ad info

TIME Asia Home
Current Issue
Magazine Archive
Asia Buzz
Travel Watch
Web Features
  Photo Essays

Subscribe to TIME
Customer Services
About Us
Write to TIME Asia
TIME Canada
TIME Europe
TIME Pacific
TIME Digital
Latest CNN News

Young China
Olympics 2000
On The Road

  east asia
  southeast asia
  south asia
  central asia

Other News
From TIME Asia

Culture on Demand: Black is Beautiful
The American Express black card is the ultimate status symbol

Asia Buzz: Should the Net Be Free?
Web heads want it all -- for nothing

JAPAN: Failed Revolution
Prime Minister Yoshiro Mori clings to power as dissidents in his party finally decide not to back a no-confidence motion

Cover: Endgame?
After Florida's controversial ballot recount, Bush holds a 537-vote lead in the state, which could give him the election

TIME Digest

TIME Asia Services
Subscribe to TIME! Get up to 3 MONTHS FREE!

Bookmark TIME
TIME Media Kit
Recent awards


about Asia Buzz  |  more Asia Buzz

S U B C O N T I N E N T A L   D R I F T
Should He Go?
The message to despots everywhere if Clinton visits Pakistan

January 6, 2000
Web posted at 5 a.m. Hong Kong time, 4 p.m. EDT

This spring, U.S. President Bill Clinton is expected to make his first visit to the subcontinent. It will be his first trip there--and one of his last anywhere as President. Naturally, then, the White House is keen for it to be a generally happy affair. But Clinton faces a quandary: to go or not to go?

South Asian of the Year: Chandrababu Naidu
A provincial politician from southern India became a beacon of hope for us all
- Thursday, Dec. 30, 1999

Subcontinental Drift: All Shook Up
Why 1999 was South Asia's most unstable year of the decade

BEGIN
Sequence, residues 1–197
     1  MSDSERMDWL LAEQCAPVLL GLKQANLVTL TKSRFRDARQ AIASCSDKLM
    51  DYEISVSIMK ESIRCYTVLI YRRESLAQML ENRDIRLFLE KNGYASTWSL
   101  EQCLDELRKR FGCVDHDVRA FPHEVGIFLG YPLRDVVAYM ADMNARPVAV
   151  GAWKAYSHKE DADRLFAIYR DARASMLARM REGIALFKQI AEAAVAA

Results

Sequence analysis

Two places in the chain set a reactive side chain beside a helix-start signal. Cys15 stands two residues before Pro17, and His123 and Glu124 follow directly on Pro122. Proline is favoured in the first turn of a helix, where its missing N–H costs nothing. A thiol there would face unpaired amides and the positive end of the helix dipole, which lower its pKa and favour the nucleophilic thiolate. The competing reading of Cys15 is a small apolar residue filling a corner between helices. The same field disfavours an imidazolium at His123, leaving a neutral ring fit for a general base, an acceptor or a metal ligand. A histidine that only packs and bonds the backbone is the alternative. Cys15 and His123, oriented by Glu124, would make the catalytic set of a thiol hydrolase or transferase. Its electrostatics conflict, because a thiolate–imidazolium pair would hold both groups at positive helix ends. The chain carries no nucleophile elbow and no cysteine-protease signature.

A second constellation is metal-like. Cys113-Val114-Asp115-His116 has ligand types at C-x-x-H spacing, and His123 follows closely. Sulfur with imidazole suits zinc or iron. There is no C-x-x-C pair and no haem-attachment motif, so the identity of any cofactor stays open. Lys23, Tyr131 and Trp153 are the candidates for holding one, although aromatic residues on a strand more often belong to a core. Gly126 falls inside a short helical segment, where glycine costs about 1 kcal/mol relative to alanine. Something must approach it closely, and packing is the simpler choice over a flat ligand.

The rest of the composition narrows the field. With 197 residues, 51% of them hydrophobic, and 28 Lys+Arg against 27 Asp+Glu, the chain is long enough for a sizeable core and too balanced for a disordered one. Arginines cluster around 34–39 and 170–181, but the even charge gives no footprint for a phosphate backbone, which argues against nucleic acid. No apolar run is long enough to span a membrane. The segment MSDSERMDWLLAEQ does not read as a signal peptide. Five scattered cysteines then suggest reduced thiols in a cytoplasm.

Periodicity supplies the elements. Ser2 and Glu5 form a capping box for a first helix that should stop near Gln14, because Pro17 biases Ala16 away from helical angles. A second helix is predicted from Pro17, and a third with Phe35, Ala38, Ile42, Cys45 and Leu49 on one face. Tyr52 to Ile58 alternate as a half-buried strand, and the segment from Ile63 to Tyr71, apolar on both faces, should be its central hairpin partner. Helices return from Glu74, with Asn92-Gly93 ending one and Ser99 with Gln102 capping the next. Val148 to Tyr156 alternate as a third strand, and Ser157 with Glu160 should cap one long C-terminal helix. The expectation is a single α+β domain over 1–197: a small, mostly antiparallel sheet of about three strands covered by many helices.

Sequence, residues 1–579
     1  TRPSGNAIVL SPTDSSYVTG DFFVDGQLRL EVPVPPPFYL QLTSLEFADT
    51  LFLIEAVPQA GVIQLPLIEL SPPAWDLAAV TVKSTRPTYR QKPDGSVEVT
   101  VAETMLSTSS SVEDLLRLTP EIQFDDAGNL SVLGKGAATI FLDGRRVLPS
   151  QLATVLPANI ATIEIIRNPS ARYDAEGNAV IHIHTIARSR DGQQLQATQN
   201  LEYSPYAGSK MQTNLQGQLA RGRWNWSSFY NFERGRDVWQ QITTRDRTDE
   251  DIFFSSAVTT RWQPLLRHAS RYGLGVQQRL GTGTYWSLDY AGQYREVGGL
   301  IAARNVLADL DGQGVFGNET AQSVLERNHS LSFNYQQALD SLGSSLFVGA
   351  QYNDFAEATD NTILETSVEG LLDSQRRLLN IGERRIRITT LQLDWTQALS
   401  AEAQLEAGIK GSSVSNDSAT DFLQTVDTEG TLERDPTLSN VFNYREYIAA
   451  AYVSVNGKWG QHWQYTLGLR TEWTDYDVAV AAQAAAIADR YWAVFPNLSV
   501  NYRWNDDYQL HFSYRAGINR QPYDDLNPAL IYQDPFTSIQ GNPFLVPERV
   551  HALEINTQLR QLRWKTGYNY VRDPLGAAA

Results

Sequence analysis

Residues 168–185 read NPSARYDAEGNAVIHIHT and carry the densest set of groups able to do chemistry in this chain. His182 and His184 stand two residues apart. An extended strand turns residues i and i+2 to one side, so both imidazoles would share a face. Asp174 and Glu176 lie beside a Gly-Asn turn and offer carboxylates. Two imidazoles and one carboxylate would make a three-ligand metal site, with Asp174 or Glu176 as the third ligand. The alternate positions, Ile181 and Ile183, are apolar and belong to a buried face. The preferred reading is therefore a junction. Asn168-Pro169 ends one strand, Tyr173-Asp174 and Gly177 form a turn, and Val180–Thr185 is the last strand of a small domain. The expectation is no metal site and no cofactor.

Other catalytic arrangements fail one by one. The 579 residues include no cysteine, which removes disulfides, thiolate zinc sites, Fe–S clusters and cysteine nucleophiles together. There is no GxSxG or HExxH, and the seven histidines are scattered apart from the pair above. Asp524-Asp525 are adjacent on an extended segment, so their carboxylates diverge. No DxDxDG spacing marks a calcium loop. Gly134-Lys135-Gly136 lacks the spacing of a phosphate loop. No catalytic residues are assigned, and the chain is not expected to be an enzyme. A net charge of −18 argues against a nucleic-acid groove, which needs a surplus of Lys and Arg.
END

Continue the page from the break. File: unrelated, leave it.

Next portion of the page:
- Thursday, Dec. 23, 1999

Subcontinental Drift: Crunch Time in Colombo
Next Tuesday's election could end the civil war--and not just in Sri Lanka
- Thursday, Dec. 16, 1999

Subcontinental Drift: Those Who Ignore History...
A refresher course on Pakistan's past
- Thursday, Dec. 9, 1999

Subcontinental Drift: Musharraf Talks the Talk
But he walks in a different direction
- Thursday, Dec. 2, 1999

Subcontinental Drift: Words Are Not Enough
The diplomatic art of obfuscation
- Thursday, Nov. 25, 1999

Market Q&A
Each business evening with analysts around the region

The story behind today's news from the editors of Asiaweek

Daily Briefing
Today's headlines from across the region

The question arises because the country is ruled by a military dictator, General Pervez Musharraf--and American presidents are, rightly, loath to doing business with rulers in uniform. The Musharraf regime desperately wants Clinton to visit. It has issued some veiled warnings: if Clinton ignores Islamabad and travels to New Delhi, he will strengthen the anti-American Islamic groups in Pakistan. In an interview with TIME in late November, Musharraf said: "Sidelining Pakistan would be counterproductive. The people of Pakistan would be terribly disappointed, and his absence would give leverage to the extremists here. I would really be disappointed."